Poor Loren (my husband) spent his entire 33rd birthday traveling. We started the morning with a drive to the airport, had a layover in LA, arrived at the airport shuttle, which took us to a train, which dropped us at a bus stop so that we could walk 4 blocks home from there.

truetthurst

Then he got in his car to drive 30 minutes away to take a test for his new certification at work. He didn’t get home until late. What a day! Feeling terrible for him, I decided to make something special for dinner the following evening. And in declaring this week his birthday week, I opened up a nice bottle of wine from our new wine club at Truett Hurst. This 2011 Zinfandel was delicious and the perfect complement to the lamb in our meal.

For dinner, unless we’ve had a particularly grueling day at the gym, I try to keep our meals limited to meat, veggies, and fat, leaving out complex carbs, since it’s so close to bed time and we won’t have time to use them up. When I make dinner this way, the only way Loren will stay full is if I load up on the fats. For this meal, I didn’t drain off the lamb fat before throwing in the veggies, but that’s up to you. I also used high quality palm oil (sustainably harvested), a healthy saturated fat, to sauté the onions before adding in the meat. (This is the palm oil I like.)

As for the black sesame seeds, these little nutrition powerhouses boast a healthy dose of calcium and magnesium, as well as a lot of other valuable trace minerals (check out more at Livestrong.com). I added these in mostly for flavor, but also for the relaxing quality that magnesium can have on our muscles and our minds. The wine helped with that too. 🙂

We’re really lucky to live where we do with access to wonderful farmers’ markets that feature local ranchers selling the meat of happy animals. I say “happy animals” as a tribute to my favorite high school teacher in Houston, TX. She was a lacto ovo vegetarian (not an easy thing to be in Texas back then) who insisted that she only ate eggs from happy chickens, which, at 18, we all thought was equally hilarious and ridiculous.

14 years later, I know what that means — do the animals roam freely? Are they given a diet they were meant to eat? Are they healthy and vibrant? Are they free of hormones and antibiotics? Do they spend time in the sun every day?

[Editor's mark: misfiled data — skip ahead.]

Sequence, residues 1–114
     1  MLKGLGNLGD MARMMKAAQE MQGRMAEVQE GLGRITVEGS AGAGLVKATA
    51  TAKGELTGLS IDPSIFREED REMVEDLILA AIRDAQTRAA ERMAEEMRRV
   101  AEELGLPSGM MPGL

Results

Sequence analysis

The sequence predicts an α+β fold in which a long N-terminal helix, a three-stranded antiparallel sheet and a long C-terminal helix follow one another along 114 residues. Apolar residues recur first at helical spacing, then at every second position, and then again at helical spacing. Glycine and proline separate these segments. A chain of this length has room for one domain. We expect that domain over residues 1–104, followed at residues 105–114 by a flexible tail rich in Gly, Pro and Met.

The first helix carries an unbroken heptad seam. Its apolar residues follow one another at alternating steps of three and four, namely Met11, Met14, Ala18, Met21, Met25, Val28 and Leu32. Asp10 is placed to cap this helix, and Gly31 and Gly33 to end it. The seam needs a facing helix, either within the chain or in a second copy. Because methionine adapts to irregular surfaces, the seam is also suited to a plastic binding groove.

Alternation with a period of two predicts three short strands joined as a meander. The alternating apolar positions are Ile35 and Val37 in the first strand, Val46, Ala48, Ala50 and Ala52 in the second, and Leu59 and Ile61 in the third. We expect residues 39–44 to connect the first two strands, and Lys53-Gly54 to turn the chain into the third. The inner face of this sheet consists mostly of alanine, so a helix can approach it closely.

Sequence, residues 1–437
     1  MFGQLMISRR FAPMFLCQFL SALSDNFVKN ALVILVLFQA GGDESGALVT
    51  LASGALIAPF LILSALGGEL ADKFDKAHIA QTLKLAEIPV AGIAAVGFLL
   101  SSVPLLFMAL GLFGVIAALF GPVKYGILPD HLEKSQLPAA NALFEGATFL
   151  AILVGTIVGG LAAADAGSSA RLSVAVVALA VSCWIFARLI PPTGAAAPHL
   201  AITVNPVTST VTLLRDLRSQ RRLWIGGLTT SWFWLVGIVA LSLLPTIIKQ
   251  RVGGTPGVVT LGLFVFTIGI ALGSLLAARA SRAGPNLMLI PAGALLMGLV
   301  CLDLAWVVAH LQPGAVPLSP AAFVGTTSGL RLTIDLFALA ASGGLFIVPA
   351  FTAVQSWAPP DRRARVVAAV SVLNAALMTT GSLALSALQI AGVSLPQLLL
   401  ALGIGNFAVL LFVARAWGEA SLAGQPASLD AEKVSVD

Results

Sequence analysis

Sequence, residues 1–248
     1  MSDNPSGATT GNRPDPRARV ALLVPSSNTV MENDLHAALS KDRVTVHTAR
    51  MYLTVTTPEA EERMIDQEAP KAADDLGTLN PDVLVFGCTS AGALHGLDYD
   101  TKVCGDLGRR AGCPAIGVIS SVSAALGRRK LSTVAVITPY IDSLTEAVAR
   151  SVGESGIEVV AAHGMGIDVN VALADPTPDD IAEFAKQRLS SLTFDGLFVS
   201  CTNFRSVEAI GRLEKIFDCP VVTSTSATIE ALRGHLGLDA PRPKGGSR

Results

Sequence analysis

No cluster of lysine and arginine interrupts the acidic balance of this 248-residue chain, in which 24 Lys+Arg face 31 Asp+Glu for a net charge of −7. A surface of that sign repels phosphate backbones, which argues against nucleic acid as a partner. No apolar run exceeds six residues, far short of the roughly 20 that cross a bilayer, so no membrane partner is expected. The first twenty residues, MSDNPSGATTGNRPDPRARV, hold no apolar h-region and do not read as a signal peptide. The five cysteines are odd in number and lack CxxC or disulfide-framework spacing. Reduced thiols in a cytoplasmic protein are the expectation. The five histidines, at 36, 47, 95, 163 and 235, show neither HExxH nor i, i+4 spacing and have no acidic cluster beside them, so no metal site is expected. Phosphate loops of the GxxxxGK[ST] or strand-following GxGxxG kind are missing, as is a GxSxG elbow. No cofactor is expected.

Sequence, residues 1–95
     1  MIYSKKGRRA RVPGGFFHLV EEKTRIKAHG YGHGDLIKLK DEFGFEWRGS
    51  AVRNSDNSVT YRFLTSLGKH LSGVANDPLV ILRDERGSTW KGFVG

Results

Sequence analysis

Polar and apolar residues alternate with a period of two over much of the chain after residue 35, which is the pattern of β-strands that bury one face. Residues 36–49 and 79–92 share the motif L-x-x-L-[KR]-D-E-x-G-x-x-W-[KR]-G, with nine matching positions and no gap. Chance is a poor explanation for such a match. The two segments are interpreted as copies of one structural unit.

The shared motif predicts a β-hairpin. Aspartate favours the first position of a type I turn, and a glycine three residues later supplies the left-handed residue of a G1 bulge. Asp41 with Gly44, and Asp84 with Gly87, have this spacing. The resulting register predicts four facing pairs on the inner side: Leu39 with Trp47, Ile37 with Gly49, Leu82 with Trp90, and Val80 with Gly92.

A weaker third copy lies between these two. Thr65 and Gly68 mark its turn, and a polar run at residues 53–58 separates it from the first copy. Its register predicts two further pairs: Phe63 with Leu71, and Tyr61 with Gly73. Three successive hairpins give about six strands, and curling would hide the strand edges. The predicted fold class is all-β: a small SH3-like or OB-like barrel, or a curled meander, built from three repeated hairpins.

This meal is made with ground meat from a happy lamb, and that makes me happy too. It’s full of plenty of healthy fats, as pastured animals have the proper ratio of omega 6 to omega 3s in their body fat (feedlot animals have far too much inflammatory omega 6).

Black Sesame Cabbage Cups

cabbagecups3

Ingredients (serves 4)
  • 2 lbs ground lamb
  • 2 tbs red palm oil or ghee for sautéing
  • 1/2 yellow onion, diced
  • 2 cloves fresh garlic, minced
  • 1 big bunch of broccolini, chopped
  • 3 small bunches tatsoi or a few fistsful baby spinach
  • 12 large raw leaves green cabbage (for the cups)
  • 1/4 cup black sesame seeds
  • 1 tsp – 1 tbs lemon pepper to taste
  • red pepper flake to taste
  • REAL or sea salt to taste
  • OPTIONAL 1/2 tsp sesame oil (for drizzling)
  • OPTIONAL hard cheese for grating over the top
Directions
  1. Warm your skillet over medium heat
  2. Once hot, add 2 tbs palm oil or ghee
  3. Add in diced onions and let them sweat for about 5 minutes, stirring regularly (you don’t want them to get brown, just translucent. Turn down the fire if you need to to avoid burning them)
  4. Once the onions are translucent, add in ground lamb and the minced garlic
  5. brown the meat completely, allowing the water to evaporate before adding veggies
  6. Add broccolini only, and cook until it softens slightly
  7. Add in salt, spices, and black sesame seeds
  8. Once the broccolini is just about as tender as you like it, add in the tatsoi just to wilt it. You want all the veggies to retain their vibrant green color.
  9. To serve, place 3 large cabbage cups on your plate and fill to the brim with the mixture from the pan. Drizzle a bit of sesame oil and top with your favorite dry cheese (we used Pecorino Romano)

cabbagecups2